New city childcare plan could radically reshape Bronx preschools

Childcare centers, like BronxWorks, could be forced to make alterations to their programs come 2011. Photo: Zach Schonbrun

Childcare centers, like BronxWorks, could be forced to make alterations to their programs come 2011. Photo: Zach Schonbrun

It was early in the afternoon, and the 15 preschool children in Room 4 at BronxWorks’s Learning Center had just finished naptime. Their instructor, Diane Semper, gathered the group in a semicircle on the navy blue rug in the back of the brightly lit classroom and began reading a picture book to the wide-eyed group of three-year-olds. It was about a Thanksgiving turkey being threatened by a fox.

Day care facilities, like this one in Highbridge, are facing their own impending threat as the city prepares to issue a proposal for re-evaluation of its funding of public childcare programs, a shakeup that could potentially alter how preschoolers are educated in the borough.

An outline of the plan drawn up in April titled “EarlyLearn NYC” is currently under revision by the Administration for Child Services (ACS) but is due to be finalized as a proposal by January. It will radically reformat the criteria for how public childcare facilities across the city receive funding and geographically organize their classrooms, and could reduce the overall number of contracts awarded to daycare providers. A new stipulation forcing directors to match an unspecified amount of funding for their programs is a special concern for centers in low-income neighborhoods.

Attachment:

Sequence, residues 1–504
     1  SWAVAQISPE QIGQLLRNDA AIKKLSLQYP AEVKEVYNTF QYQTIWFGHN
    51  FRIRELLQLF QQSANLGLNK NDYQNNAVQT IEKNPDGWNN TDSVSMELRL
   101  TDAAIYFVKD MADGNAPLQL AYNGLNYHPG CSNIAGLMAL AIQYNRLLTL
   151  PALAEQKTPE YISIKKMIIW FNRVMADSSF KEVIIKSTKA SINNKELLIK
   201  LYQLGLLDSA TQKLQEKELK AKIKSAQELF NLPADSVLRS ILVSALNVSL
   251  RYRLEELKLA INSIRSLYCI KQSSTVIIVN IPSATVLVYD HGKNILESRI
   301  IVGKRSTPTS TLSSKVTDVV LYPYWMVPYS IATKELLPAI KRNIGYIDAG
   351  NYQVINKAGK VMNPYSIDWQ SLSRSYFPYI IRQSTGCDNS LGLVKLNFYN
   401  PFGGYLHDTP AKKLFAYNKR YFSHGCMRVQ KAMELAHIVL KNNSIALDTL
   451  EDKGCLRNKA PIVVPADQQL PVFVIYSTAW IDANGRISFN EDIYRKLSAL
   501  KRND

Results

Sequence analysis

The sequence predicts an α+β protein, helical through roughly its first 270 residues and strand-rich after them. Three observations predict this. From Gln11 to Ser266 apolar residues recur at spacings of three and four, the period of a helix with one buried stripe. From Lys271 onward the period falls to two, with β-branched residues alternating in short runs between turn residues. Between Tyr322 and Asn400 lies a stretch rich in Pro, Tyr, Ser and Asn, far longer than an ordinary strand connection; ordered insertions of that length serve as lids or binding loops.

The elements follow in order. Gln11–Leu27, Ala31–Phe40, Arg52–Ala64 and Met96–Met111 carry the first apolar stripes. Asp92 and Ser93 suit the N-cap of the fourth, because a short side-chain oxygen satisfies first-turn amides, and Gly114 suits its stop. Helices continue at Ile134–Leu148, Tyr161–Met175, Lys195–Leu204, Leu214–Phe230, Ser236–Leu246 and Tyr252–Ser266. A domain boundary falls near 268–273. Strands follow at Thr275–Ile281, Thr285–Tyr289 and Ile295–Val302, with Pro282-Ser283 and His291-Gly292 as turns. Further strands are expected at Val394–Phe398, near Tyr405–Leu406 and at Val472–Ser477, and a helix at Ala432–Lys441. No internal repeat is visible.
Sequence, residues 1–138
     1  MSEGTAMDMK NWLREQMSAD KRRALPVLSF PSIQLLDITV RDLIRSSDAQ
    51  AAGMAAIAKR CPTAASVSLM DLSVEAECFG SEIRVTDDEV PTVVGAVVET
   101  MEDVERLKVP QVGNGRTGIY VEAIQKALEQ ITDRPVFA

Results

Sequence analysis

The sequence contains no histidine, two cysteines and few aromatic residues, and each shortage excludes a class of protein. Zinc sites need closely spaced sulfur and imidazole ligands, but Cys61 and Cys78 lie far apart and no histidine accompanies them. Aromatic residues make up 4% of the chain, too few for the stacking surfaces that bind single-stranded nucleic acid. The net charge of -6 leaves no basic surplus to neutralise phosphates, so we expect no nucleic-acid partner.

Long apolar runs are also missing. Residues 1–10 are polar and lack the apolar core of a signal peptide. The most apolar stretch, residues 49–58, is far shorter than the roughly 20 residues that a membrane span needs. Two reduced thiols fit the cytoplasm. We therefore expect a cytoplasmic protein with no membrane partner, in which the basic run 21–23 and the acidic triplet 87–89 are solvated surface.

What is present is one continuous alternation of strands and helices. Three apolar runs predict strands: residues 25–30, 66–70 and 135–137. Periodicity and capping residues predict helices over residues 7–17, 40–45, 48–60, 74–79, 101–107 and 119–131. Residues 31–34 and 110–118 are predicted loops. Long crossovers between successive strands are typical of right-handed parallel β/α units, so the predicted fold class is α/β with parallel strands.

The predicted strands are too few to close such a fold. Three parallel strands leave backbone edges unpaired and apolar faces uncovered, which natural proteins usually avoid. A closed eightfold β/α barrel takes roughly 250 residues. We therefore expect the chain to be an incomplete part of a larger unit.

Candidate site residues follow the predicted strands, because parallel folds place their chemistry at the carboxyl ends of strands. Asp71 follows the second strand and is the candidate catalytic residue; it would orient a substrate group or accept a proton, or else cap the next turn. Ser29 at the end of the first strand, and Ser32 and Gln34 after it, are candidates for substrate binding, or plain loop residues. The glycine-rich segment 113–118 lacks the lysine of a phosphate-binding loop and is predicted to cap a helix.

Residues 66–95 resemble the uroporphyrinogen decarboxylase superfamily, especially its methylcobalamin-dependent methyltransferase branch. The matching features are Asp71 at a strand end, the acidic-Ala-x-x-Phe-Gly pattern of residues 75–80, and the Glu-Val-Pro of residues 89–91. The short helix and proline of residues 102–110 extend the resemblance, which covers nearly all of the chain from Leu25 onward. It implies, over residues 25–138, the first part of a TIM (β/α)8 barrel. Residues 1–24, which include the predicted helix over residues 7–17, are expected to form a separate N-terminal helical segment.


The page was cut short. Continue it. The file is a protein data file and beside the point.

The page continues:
A year after the city shuttered four daycare centers in the Bronx, including one in Highbridge, many program directors are unsure what the new measure will mean for their facilities.

“That’s a major, major issue that’s now on the boards,” said James Nathaniel, chief executive officer of the Highbridge Advisory Council, a non-profit  childhood education organization. “We don’t know what the future holds.”

Nathaniel’s organization is the largest community-based childcare provider in the Bronx, serving approximately 1,200 children in eight facilities throughout the district. But funding cutbacks in the last year have knocked away one classroom, slashed spending and dropped current teaching positions to the minimum student-teacher ratio.

Now, Nathaniel has another item to worry about: if the proposal goes through, he would need to reapply to continue running his agency, with no guarantee it will stay in his hands. Furthermore, the application for bidding for day care agencies will now be open to for-profit along with non-profit companies, adding to the competition for services and raising questions about where the overall system is headed.

“We’re not sure the level of quality the for-profits will adhere to for their programs,” said Andrea Anthony, executive director of the Daycare Council of New York, a federation that helps operate more than 300 public child care centers in the city. “Our programs are required to adhere to certain educational standards. That may not be the case with for-profits.”